Colleges collaborate to help school leavers

SND06-wk2-News-Horowhenua logo 300x225Seeing all secondary school students move into higher education or employment is the aim of a new collaborative initiative of four Horowhenua secondary schools.

Horowhenua, Waiopehu, Manawatu and Otaki colleges will work together through the Horowhenua Vocational Pathways Network, which is designed to deliver a range of programmes that link in with local industries and education providers.

Network chairperson Brenda Burns says students have also been surveyed to determine what industries are of interest to them.

“We know that 70 per cent of students nationally do not go on to university. We want to offer courses to those non-tertiary students that better provide them with employable skills, because that’s what industries want – employable people,” she said.

“We can then develop and run trades academy-type programmes, based locally and open to students from any of the four colleges. This means they may not have to go out of the district for such training and will also help them gain employment locally.”

The colleges have already engaged with the construction and infrastructure, health and agriculture industry sectors. Retail, hospitality, and social care will also be focused on, with more sectors added as needs arise.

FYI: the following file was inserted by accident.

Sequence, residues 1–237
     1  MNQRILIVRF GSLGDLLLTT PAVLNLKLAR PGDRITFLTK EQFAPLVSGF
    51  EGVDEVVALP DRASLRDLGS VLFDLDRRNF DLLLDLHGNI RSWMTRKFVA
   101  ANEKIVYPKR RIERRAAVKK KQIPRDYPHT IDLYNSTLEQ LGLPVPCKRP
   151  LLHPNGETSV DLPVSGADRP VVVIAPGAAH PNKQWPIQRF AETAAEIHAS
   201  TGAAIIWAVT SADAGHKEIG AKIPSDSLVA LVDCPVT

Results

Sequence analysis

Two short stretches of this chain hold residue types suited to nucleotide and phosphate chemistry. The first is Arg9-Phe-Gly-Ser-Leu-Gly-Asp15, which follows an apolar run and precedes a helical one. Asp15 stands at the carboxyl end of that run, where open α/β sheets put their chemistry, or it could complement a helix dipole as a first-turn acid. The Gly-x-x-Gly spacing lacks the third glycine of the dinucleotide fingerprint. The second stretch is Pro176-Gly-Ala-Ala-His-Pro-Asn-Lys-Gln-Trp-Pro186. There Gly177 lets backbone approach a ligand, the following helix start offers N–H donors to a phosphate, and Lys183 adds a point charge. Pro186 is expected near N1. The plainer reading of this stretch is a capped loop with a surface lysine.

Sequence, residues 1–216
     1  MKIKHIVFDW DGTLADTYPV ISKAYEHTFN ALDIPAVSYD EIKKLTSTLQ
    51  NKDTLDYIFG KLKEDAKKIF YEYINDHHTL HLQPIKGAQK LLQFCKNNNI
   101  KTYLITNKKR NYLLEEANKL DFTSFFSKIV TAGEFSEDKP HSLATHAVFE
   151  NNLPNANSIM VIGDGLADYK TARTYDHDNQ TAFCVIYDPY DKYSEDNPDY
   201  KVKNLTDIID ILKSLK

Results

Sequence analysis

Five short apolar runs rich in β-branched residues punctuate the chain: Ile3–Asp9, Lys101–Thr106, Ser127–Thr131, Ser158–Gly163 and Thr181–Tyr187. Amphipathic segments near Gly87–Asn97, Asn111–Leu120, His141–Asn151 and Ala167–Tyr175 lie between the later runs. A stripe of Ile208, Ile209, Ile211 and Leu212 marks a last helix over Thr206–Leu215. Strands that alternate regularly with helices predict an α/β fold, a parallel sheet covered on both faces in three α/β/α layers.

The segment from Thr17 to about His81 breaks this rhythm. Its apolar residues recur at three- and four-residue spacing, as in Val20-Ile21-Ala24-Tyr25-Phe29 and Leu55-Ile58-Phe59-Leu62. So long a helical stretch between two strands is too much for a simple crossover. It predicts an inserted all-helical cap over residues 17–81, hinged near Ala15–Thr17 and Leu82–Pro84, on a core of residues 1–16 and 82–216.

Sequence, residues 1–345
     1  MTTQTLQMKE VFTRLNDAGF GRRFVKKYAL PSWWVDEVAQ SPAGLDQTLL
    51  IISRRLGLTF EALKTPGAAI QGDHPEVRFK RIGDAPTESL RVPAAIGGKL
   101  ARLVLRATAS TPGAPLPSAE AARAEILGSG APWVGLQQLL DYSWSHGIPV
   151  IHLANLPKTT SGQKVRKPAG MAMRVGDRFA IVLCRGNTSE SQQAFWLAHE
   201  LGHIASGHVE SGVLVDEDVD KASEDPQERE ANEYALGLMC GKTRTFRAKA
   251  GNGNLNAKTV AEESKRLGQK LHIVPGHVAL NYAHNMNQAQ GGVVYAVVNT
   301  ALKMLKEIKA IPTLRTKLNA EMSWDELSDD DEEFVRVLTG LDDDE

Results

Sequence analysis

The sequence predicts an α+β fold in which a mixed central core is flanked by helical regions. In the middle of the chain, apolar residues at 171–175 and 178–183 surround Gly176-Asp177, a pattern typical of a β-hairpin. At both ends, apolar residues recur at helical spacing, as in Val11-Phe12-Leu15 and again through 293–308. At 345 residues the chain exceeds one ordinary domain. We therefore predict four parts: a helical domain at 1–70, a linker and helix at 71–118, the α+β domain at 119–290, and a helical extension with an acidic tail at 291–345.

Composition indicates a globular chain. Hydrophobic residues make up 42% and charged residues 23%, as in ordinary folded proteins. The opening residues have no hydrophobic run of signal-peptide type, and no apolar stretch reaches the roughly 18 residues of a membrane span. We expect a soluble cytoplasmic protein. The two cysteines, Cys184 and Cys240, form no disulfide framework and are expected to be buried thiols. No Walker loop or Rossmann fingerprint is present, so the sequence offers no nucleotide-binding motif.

Links have been made with the Social Sector Trial, Education Horowhenua, Horowhenua District Council’s community wellbeing initiatives, the Horowhenua Trust, and the Economic Development Group.

“By combining collective strengths within the community we want to offer vocational training pathways that are relevant and engaging and so that they gain the education and skills to enable them to reach their employment or future training goals,” Ms Burns said.

“The network aims to engage more year senior students and raise NCEA Level 2 and Level 3 educational achievement rates for learners across the community and to ensure students are better equipped for Level 4-plus training, study, or employment.”

Ms Burns said each of the four colleges could offer unique pathways or programmes that the others do not and that by joining forces students from all colleges can benefit from them.

The Vocational Pathways Network will be facilitated by a leadership group of school principals and senior staff, tertiary providers, career advisors, as well as community, industry representatives and council representatives. Specialist expertise will be called on as required.

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